Based on my research and study, I concluded that the Senate, at any time a majority of those present and voting wished to do so, could amend the Senate Rules and eliminate the filibuster by the vote of a simple majority.  I also concluded that eliminating the filibuster was a sound political decision that our organization, The American Center for Law and Justice, should support.  I have not waivered from that view since then, even when the Senate filibuster allowed Republicans in the minority to hold the Senate hostage to their demands.  (While the document bears the names of two other ACLJ attorneys, it is solely the product of my research and writing).

Today, we are once again being terrorized.

Yes, terrorized.  Just as when parents soundly sleeping are startled awake by the nightmare screams of their child, whose horrified screams simply embody their fear of the monster in the closet.  Our body politic is disturbed by the pretended fear of Republicans that they will be held hostage to Democrats in minority through the device of the filibuster.

The problem for Republicans is that the monster in the closet no longer terrorizes those who were minding the legislative store during the last session of Congress.  Then, in a fit of pique, the Democrats finally pushed through a change to the Senate's ridiculous and time-honored practice. Harry Reid bullied those changes through to accommodate Obama's petulant demand for judicial confirmations and Republicans' skillful play of the filibuster rule to prevent votes on certain judges. Because Reid, via a simple parliamentary procedure, changed the filibuster rule and practice as applied to judicial and executive nomination votes, we now know a parliamentary truth:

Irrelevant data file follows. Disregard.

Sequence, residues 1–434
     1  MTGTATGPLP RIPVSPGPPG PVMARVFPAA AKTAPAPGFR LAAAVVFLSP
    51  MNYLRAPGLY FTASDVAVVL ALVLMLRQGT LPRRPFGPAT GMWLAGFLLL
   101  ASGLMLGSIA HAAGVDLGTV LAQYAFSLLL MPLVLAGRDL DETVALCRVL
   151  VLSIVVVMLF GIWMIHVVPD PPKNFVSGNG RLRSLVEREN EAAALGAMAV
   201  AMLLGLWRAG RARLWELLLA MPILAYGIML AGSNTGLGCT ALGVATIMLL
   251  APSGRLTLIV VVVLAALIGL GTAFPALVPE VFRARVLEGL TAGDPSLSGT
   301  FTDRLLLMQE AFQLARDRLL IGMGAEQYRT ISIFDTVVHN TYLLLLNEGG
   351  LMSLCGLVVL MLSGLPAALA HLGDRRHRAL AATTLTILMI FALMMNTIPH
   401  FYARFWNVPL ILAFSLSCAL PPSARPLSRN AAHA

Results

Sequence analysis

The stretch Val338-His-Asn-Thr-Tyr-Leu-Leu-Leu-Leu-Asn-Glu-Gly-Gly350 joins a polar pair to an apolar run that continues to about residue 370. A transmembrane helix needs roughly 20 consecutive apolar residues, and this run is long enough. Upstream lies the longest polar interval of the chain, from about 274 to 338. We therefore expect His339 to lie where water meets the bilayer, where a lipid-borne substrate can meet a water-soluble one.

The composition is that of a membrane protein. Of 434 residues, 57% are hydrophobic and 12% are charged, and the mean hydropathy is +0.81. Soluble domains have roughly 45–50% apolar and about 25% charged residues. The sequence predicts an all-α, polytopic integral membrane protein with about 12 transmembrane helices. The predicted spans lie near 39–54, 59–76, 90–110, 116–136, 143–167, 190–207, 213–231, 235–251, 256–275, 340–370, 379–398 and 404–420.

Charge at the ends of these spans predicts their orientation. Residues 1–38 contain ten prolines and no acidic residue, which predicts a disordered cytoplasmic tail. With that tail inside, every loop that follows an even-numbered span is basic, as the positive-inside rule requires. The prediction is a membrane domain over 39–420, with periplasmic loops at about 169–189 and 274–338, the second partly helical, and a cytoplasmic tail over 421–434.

A simple majority vote of the Senate -- taken at any time the Senate is in session -- can be used to amend the Rules of the Senate.  Such amendments may change even long practiced senatorial privileges as the filibuster.

Once you have gone into your closet with a matured judgment ... and with the lights on ... you begin to realize the infantilism in your night terrors.  You chuckle at how you were held in rigid paralysis by the certainty that a monster would leap out and take you wherever it is that closet monsters take their unwitting victims.  And so it is here.  We know that the only reason that Democrats can obstruct the Senate Republican majority is if the Senate Republican majority chooses to play terrorized child, captive to a rule that has no more merit or substance in this era than does the closet monster of our childhood in our adult lives.

While the horror genre provides entertainment, and perhaps even serves a psychological purpose of providing manageable doses of fear that we can conquer by confronting, it is a poor framework for the exercise of, or for preventing the exercise of, political will.  The Republicans should overthrow the vestiges of the filibuster, and legislate apace.